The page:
TOPEKA, Kan. (AP) — A push by top Republicans in Kansas to punish party officials who backed an independent candidate for governor is shining a spotlight on an internal rift that could hinder GOP leaders’ efforts to steer the state to the right over Democratic Gov. Laura Kelly’s objections.
Many Republicans blame independent state Sen. Dennis Pyle’s campaign for Kelly’s narrow reelection victory Nov. 8 over three-term Republican state Attorney General Derek Schmidt. But five hard-right lawmakers said in a Facebook statement this week that GOP “establishment manipulations” were the culprit and denounced the state party’s chair.
While Republicans nationally are unsettled by ex-President Donald Trump’s bid to win back the White House in 2024, the Kansas conflict boiled over because state GOP Chair Mike Kuckelman convened the party’s Loyalty Committee the day after the election. The committee enforces a party ban on its officials supporting non-Republicans.
“Kuckelman and the Republican establishment, we are done with you,” the lawmakers concluded in a posting on the Facebook page of state Sen. Mark Steffen, a south-central Kansas Republican.
Kuckelman, a Kansas City area attorney, plans to retire as chair in February, when his two-year term ends. Three of the statement’s signers said they plan to remain Republicans, while two others did not respond to emails seeking comment.
“I fix problems. I do not run from them,” Steffen said in an email Thursday. “As such, it is Republican Christian values that I adhere to and advance. Values that build great societies.”
Kelly won reelection with a little less than 50% of the vote and faces GOP legislative supermajorities that can override her vetoes — if Republicans remain unified.
The party’s Loyalty Committee this week stripped about 40 officials of party decision-making posts such as voting-precinct committee spots. However, Kuckelman said Thursday that the sanctions have been suspended to give those officials a chance to have appeals heard by the state party’s larger executive committee.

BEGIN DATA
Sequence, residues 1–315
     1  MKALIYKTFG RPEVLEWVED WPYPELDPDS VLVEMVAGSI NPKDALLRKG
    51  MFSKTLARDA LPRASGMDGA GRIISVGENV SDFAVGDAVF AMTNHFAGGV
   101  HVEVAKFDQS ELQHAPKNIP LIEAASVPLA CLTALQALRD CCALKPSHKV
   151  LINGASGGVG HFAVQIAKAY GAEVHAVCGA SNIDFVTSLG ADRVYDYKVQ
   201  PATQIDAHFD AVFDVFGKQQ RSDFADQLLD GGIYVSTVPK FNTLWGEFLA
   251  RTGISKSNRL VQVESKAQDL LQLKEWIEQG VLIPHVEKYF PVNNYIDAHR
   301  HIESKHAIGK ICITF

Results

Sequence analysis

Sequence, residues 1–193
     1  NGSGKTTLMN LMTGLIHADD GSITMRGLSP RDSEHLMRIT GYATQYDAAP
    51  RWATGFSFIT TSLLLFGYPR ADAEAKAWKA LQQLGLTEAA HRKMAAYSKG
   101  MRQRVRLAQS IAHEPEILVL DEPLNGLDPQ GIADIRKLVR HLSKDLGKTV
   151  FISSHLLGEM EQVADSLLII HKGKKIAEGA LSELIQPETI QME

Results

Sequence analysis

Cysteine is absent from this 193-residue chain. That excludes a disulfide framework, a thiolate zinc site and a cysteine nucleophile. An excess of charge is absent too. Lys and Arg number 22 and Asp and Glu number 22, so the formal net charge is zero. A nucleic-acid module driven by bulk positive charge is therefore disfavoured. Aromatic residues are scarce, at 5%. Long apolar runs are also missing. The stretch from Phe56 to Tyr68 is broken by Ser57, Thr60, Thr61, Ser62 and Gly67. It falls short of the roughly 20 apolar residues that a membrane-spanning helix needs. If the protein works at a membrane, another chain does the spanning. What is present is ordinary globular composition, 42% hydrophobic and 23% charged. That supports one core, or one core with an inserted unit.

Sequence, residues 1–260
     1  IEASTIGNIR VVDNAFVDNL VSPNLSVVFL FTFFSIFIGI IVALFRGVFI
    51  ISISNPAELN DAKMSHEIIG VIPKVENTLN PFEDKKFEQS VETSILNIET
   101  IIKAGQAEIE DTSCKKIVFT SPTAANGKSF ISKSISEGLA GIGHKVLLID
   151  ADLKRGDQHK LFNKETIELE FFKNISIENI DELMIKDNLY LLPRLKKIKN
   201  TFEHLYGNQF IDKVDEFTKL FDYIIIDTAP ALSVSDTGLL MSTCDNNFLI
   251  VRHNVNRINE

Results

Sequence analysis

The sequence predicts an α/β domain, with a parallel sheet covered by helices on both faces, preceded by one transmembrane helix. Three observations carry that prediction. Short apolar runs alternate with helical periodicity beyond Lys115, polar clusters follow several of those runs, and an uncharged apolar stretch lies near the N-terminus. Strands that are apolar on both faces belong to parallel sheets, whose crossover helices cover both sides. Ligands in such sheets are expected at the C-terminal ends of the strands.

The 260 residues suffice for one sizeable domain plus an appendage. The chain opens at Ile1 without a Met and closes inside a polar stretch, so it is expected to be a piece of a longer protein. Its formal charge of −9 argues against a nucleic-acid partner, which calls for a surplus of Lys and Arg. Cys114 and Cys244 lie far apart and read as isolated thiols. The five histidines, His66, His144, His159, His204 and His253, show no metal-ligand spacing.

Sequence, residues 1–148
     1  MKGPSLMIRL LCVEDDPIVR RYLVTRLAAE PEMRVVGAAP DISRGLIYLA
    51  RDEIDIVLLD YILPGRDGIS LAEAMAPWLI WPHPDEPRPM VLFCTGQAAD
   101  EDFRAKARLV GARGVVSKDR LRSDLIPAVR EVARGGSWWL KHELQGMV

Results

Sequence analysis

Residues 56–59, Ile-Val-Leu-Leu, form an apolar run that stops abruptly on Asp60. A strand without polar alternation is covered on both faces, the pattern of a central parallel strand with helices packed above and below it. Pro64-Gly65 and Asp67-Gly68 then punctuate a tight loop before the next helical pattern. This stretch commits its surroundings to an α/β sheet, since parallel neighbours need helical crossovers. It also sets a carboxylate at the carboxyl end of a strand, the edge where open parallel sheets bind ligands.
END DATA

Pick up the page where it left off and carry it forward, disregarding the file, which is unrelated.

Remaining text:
The hard right remained skeptical of Schmidt despite his conservative record as attorney general. He was an aide to moderate Republican U.S. senators early and served as Kansas Senate majority leader with a moderate Senate president before being elected attorney general in 2010.
Pyle also was among the Legislature’s most conservative Republicans before leaving the GOP to run for governor. Kuckelman and other GOP leaders contend Pyle took votes from Schmidt and decreased Republican turnout by making conservatives less enthusiastic about him.
“That election was a perfect example of how divided houses fall,” said Kansas Senate President Ty Masterson, a Wichita Republican.
The GOP dissenters argue that the state party establishment ignored conservatives’ misgivings and improperly treated Schmidt as the Republican nominee well ahead of the August primary. Pyle has called Schmidt a weak candidate.
“I plan to remain a principled Republican that honors the will of the People and respects the Republican Party platform,” said another dissenter, central Kansas state Sen. Alicia Straub.
Kuckelman saw the lawmakers statement as an attempt to tamp down the widespread Republican anger over support for Pyle.
“What they’re doing is trying to dig themselves out of a hole that they’ve placed themselves in,” Kuckelman said.
Pyle, Steffen and Straub already had been stripped of most Senate committee assignments by Masterson in February in a fight over redistricting. Senate rules forced Pyle to surrender his last remaining assignment when he registered as an unaffiliated voter in June.
Masterson told reporters this week that he hasn’t decided whether to punish Steffen and Straub further. Kuckelman acknowledged that the Loyalty Committee can’t touch elected lawmakers like them who don’t hold party positions.
And while three Kansas House members signed the statement, Rep. Dan Hawkins, a Wichita Republican who’s expected to become House speaker in January, said he doesn’t plan to punish the two who were reelected. Hawkins said removing people from committees would mean others would have to “take up the slack.”
One of the House members, southwestern Kansas Rep. Tatum Lee, who lost a primary race when she was drawn into a district with another GOP incumbent, said in an email: “The statement I signed on to earlier in the week is to put on notice the traitors in our midst that our values nor our vote are for sale and that any cheap imitation or perversion of our platform is a slap in the face to Liberty.”
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